Tuesday, March 25, 2014


There was something about being the parent of a three-year-old that made me feel like my children, and family I suppose, was a young one. We no longer have babies in the house, but somehow three seemed not so far removed from all of that baby stuff.

Now Miss Ellie is four. And when I stop and look at her, she seems so grown up to me.

The truth is, Ellie has never acted her age. She has this amazing vocabulary. It's her gift. Don't ask her to walk a straight line, or across a room without bumps or bruises... she's as klutzy as ever. Rather, ask her to describe or recount a scene and she'll do it beautifully and elaborately.

Just last week she was explaining her "opportunity to spend time swimming at the hotel." I was unreasonably giddy to hear those words... I tried to get her to say it again, this time with film rolling; I wanted so badly to capture that moment in full audio. But she was on to me. I had missed my "opportunity."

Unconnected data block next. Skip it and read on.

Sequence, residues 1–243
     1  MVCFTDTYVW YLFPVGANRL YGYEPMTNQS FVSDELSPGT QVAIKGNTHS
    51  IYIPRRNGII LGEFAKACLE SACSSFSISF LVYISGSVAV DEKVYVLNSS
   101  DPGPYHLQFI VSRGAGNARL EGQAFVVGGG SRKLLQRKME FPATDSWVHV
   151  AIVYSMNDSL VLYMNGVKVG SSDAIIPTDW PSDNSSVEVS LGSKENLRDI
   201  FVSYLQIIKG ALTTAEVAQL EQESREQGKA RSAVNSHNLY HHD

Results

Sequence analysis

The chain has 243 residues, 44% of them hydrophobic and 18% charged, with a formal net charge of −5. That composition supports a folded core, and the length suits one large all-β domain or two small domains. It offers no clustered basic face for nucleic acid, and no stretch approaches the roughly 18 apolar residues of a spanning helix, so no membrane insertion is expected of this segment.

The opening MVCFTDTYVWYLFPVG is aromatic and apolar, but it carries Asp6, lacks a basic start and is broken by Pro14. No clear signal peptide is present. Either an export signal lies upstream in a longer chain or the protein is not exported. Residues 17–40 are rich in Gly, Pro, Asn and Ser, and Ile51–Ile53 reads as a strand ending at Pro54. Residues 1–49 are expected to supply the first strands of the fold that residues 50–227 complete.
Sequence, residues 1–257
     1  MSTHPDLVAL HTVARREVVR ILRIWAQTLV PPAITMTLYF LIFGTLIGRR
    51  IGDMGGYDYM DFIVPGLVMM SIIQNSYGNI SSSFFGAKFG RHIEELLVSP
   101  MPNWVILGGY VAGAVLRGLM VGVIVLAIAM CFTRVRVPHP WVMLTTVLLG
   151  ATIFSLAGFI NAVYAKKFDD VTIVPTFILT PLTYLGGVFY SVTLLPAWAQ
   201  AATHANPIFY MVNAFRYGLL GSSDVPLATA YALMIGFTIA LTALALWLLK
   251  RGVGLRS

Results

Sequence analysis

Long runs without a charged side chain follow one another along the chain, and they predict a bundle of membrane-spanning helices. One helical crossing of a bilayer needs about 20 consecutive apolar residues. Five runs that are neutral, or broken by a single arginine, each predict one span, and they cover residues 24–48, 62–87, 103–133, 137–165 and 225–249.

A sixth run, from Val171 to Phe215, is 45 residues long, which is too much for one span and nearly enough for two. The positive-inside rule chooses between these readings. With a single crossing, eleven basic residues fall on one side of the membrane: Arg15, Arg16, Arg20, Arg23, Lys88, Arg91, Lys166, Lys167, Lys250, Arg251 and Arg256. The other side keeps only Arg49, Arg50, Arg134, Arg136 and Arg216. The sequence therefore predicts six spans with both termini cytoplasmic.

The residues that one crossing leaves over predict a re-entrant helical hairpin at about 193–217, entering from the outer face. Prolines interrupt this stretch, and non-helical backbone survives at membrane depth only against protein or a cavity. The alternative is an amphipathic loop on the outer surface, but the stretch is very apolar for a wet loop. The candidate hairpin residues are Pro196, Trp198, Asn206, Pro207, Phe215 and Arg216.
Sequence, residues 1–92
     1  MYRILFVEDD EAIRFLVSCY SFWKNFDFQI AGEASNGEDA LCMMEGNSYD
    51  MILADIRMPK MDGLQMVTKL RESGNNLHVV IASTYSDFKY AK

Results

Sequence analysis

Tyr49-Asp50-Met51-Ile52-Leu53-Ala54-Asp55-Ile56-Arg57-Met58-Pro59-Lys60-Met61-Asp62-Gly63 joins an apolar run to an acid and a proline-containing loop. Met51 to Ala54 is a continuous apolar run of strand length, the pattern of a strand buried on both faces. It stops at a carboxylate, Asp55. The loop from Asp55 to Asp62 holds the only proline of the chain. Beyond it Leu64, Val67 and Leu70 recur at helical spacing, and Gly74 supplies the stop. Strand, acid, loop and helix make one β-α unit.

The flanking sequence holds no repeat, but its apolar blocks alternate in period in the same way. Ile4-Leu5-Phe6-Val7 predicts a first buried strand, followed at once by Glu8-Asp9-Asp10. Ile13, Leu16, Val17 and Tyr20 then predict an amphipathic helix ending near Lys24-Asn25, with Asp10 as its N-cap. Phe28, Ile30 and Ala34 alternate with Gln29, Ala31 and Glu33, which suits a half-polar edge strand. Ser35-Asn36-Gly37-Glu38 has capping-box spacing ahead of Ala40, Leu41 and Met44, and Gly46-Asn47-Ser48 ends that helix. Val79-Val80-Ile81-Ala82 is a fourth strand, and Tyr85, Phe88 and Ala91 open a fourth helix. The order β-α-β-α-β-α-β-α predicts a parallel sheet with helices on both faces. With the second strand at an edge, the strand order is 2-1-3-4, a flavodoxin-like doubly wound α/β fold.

Even without the audio, she looks older. More than anything, that's what strikes me. Ellie is as tall as some of her school-aged cohorts at daycare. She looks as though she's ready for school. Combined with that amazing vocabulary, it prompts people treat her differently... people, including me. She looks older, she should know better. She should be able to do those big-kid things. She shouldn't be so emotional.

She looks older, but doesn't know better... can't do all of those things and four IS emotional. (For everyone in the vicinity.)

Reminding myself that she's just a little girl is something I do frequently. Despite how fast she's growing and changing, she is indeed a little girl. A little girl who could use some slow, quiet words of comfort, designed in size for a four-year-old.

I love being a part of her growth and witnessing her change. (Although some days are easier to witness than others.) She's so delightfully different from her brothers and in many ways doesn't act like a sibling... she has a mothering personality. I love the way she'll hold someones hand or stroke a cheek the way only a loving mother can. The way she calls the subject of her affection "honey" makes my heart melt.

She's four now. Still young. Still my little girl. I don't think any of that will change, no matter how big her words or how old she looks.

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